Can Democracy Survive Mass Surveillance?

Mass surveillance is no secret. What seemed like a far-fetched plot line for a James Bond movie a few decades ago is now a reality in most of the world. But the trouble is that most of the world is also democratic. So, how much mass surveillance can democracy withstand?

That question comes at a time when U.S. President-elect Donald Trump has just announced he’ll be appointing a vocal advocate of mass surveillance as the new head of the CIA. Meanwhile, British lawmakers have managed to quietly sneak past parliament a bill that would enable authorities to use the most extreme surveillance tools on the planet.

The Investigatory Powers Tribunal, a watchdog for intelligence agencies in the UK, found that spy agencies had illegally gathered data on citizens between 1998 and 2015. Instead of dealing with this issue, the new Investigative Powers Act effectively legalises this sort of data gathering. Spy agencies like GCHQ can now carry on “legally” with the mass surveillance they’ve been operating for the past 17 years.

A Threat To Democracy

This trend is deeply worrying for businesses and people in developed and democratic countries. A Washington Post-Pew Research Center poll found that mass surveillance had the potential to deeply undermine democracy as the relationship between people and government was altered.

The current state of mass surveillance originates from a vicious cycle of fear and insecurity. After every terrorist attack the authorities promise better security through the means of surveillance. A frightened public willingly accepts the need for such systems without questioning the technical details or the safeguard against abuse. Once built, the surveillance system remains permanent but governments change. Left-leaning political parties built up extensive surveillance powers that could now fall into the hands of right-wing parties in Europe and the Trump administration in America.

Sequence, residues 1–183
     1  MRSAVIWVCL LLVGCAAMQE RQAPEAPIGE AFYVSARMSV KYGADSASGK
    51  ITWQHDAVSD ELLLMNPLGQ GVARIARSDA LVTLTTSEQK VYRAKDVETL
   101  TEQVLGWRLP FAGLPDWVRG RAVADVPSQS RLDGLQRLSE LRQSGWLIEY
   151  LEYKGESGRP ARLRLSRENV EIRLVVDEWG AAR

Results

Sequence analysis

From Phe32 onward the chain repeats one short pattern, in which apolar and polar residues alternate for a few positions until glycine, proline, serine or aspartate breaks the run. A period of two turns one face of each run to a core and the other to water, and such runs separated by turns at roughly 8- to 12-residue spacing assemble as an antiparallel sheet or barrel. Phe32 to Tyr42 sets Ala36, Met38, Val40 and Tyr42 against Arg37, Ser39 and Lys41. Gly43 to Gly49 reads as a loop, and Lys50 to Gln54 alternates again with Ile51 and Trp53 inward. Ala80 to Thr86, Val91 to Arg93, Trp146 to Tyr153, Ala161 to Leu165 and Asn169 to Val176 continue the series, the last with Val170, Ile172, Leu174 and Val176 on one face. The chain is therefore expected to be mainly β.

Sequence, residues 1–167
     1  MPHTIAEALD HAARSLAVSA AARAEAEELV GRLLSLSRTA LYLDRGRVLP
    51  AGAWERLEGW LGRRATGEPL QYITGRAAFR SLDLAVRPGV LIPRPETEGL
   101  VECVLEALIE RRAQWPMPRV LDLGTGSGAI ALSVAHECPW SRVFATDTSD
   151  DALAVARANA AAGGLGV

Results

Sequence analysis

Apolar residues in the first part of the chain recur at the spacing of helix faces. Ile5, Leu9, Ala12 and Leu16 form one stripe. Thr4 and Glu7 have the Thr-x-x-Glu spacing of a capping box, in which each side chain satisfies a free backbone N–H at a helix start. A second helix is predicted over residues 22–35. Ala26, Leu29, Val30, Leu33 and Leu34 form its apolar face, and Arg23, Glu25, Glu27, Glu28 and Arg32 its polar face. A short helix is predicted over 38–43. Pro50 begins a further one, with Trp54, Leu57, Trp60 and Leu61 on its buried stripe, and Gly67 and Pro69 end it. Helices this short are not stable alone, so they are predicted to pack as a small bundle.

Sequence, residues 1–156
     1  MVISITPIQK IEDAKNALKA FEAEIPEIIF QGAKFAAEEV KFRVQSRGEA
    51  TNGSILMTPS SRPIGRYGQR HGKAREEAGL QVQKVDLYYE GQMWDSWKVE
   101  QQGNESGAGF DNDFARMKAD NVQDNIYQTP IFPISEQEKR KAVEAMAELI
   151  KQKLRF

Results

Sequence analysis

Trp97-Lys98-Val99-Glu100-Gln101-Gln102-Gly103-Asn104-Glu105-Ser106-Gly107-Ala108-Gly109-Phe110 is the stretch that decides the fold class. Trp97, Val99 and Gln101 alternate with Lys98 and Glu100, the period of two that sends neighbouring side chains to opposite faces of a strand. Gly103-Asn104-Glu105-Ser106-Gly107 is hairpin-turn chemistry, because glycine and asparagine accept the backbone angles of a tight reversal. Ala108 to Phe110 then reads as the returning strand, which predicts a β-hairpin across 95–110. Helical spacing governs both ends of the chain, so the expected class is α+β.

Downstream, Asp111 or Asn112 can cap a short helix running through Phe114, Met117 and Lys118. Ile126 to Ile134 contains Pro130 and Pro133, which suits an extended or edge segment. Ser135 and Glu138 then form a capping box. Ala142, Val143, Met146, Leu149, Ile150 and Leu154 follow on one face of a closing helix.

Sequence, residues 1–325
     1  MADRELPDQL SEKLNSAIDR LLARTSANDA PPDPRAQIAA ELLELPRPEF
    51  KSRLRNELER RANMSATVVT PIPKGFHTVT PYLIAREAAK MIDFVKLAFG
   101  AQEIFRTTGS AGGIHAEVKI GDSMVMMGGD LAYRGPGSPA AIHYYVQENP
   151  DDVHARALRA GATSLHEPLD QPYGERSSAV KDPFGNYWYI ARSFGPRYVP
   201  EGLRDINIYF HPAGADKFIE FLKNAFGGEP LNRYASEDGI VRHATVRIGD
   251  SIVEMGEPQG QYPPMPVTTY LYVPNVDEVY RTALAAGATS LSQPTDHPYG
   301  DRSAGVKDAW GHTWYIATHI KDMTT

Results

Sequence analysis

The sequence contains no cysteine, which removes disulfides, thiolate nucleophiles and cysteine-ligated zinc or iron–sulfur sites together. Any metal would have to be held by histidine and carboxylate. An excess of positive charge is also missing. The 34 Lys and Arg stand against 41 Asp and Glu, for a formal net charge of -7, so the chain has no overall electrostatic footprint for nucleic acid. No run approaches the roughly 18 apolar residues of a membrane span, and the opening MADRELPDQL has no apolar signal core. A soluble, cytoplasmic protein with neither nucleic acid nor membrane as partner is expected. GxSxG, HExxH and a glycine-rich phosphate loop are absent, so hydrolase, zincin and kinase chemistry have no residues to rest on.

All the tools to suppress minorities, free speech, and dissent are already in place with very little oversight. To make matters worse, there’s also evidence to suggest that these surveillance systems are completely ineffective and do not help prevent any attacks.

There are absolutely no checks and balances to this powerful tool. Governments could use the metadata collected over decades to target groups of certain ethnicities, sexual orientations, and political ideologies. Business secrets would be nearly impossible to safeguard.

There’s no telling how governments will use this data with more volatile and extreme policies. Business owners and individuals may need to consider ways to protect their data and privacy online.

Protecting Data

Thankfully, certain jurisdictions offer a safe haven for private business data. Switzerland, for example, has a long history of privacy protection and is a rare advocate of the human right to privacy. Due to the country’s long-held banking secrecy tradition, data is as well protected as money if held on Swiss data centers. That’s why, data centers and server farms located in Switzerland are protected by watertight security regulations.

Switzerland is quickly becoming a safe haven for corporate and private data. As mass surveillance spreads from New York to New Zealand, entrepreneurs looking for ways to keep businessdata away from prying eyes and unpredictable politics may seek out services based in Switzerland.

What we do, is go one step further and encrypt all the information handled on our platform. Since all the data is encrypted even we have no access to contacts, emails, and attachments shared on the system. Therefore, these systems have multiple layers of protection that guarantee access only to the rightful owners of the information. Every byte of data is encrypted and stored in Switzerland, where it can only be accessed after a 2-factor authentication process.

So, in a world where a paranoid demagogue controls the most powerful spy agency and developed countries undermine their democracy with ultra-powerful snooping tools, privacy and data protection are likely to become valuable commodities.

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By |2019-03-06T14:09:28+00:00December 1st, 2016|Articles, Democracy, Mass Surveillance|0 Comments

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